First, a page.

MURFREESBORO – With a $40 million annual budget, record enrollment and offering nearly 200 jobs, Chowan University President Dr. Chris White wasn’t shy when boasting about the college here Monday night.
However, White was quick to note that Chowan isn’t alone in its recent round of accomplishments….Murfreesboro and surrounding communities are growing in their own right and are linked to the university’s success.
Serving as the featured speaker at the 60th annual Murfreesboro Chamber of Commerce banquet, White recalled the first time he spoke to the Chamber upon his arrival in Murfreesboro.
“I talked about what we hoped to do; what we dreamed of doing; how the university and the town could be transformed. Vision and hope back then is now reality,” White said.
He continued, “There’s one constant when you talk about Chowan University, the town of Murfreesboro and surrounding communities and that is we are linked together. We cannot be separated; the health of one directly affects the other. We either sink together or we climb together.”
White praised the local community for their commitment to work hand-in-hand with the university.
“Chowan University almost died seven or eight years ago and that wasn’t a lot of fun,” White recalled. “I saw something back then I had never seen before….I saw people walking with their rears on the floor. But we had commitment, we had determination and now Chowan University is flying higher than ever before in its 160-plus year history.”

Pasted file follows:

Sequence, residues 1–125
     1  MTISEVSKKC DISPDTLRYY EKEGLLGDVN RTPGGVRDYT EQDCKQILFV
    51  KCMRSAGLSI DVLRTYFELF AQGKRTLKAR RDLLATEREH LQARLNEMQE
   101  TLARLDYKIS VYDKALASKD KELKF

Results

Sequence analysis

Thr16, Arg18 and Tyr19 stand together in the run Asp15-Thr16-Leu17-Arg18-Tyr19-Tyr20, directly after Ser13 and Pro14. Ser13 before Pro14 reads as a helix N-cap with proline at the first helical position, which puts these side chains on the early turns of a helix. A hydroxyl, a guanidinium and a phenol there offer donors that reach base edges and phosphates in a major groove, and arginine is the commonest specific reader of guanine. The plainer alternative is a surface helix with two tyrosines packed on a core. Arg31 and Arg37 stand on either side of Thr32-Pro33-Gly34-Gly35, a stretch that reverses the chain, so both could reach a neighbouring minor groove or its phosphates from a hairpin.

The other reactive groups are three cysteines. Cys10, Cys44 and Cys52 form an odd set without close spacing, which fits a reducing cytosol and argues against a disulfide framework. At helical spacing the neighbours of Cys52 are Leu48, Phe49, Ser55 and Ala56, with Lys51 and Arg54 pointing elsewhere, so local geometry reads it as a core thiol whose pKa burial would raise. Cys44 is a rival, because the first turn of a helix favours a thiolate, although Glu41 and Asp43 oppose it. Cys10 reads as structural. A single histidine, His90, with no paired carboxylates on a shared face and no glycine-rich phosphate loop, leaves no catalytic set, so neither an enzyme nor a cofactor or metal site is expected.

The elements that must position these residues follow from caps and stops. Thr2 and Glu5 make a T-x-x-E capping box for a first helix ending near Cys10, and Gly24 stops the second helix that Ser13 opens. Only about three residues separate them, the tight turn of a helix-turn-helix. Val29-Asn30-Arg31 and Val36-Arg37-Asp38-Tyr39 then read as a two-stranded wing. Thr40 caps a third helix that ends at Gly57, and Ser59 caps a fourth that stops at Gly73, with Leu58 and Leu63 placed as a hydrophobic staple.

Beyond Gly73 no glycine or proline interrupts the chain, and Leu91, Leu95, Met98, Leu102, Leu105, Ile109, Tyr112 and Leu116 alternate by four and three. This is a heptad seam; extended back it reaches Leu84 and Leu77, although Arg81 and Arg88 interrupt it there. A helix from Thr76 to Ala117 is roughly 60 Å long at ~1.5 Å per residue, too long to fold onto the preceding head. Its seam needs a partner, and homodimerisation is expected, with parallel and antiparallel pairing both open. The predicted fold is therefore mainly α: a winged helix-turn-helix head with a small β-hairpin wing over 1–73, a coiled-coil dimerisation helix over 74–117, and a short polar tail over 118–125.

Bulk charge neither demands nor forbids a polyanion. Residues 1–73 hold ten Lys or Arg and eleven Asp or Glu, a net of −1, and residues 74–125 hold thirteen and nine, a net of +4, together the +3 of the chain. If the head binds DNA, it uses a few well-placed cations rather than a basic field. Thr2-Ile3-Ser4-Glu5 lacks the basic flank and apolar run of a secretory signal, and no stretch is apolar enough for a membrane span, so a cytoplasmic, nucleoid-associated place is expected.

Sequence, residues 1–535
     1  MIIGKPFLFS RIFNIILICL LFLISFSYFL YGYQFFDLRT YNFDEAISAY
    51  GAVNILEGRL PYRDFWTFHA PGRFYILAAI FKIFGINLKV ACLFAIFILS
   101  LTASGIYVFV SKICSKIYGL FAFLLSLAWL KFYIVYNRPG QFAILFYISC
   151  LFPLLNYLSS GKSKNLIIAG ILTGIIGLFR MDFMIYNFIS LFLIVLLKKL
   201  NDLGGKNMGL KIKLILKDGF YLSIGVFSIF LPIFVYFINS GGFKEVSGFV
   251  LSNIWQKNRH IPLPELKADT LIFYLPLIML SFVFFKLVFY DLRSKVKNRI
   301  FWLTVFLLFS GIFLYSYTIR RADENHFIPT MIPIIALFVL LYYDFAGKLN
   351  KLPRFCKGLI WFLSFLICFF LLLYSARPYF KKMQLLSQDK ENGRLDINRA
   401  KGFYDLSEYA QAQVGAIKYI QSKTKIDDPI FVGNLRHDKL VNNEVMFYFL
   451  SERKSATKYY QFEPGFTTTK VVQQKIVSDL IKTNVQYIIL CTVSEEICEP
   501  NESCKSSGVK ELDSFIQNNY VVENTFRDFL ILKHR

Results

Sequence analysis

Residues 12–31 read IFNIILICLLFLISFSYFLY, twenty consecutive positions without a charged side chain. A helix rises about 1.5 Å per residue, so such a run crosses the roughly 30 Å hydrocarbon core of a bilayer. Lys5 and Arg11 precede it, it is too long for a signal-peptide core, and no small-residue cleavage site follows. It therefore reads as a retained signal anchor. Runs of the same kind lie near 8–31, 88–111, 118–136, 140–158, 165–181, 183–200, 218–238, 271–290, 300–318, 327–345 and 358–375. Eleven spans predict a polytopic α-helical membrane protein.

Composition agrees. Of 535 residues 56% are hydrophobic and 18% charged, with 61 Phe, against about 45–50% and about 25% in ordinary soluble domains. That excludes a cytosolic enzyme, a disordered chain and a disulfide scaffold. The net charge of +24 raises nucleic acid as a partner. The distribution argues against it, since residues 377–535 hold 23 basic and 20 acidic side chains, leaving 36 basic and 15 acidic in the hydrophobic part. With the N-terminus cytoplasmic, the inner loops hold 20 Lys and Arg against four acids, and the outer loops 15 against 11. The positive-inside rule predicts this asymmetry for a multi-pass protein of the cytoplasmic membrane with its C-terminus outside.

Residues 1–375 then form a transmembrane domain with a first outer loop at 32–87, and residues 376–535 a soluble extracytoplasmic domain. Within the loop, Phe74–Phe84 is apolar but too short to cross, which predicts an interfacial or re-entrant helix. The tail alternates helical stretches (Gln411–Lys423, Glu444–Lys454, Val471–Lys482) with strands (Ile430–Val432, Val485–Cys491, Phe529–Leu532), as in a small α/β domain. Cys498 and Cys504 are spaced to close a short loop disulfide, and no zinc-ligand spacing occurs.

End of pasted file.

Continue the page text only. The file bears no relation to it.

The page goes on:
White said the university’s enrollment has now doubled in size over the past seven to eight years, making Chowan the fastest growing private school in the state. He added that the university is now a 40 million dollar per year operation.
“What does that money do for the local community, it turns over several times and that’s good for local business,” White observed.
Chowan has also grown as an employer – now with over 180 individuals on staff. Additionally, the university is investing in itself, most notably with a recent round of renovations to the tune of $15 to $20 million.
“And we’ve done this by keeping our debt very low, between three to four million,” he said.
White was excited about another element of growth at the university – the addition of its Graduate School program, which will see its first round of graduates this May.
Athletics is another area of growth at Chowan. White said that while the sports programs have not quite reached their full potential in wins and losses, he was pleased with the pace towards overall improvement.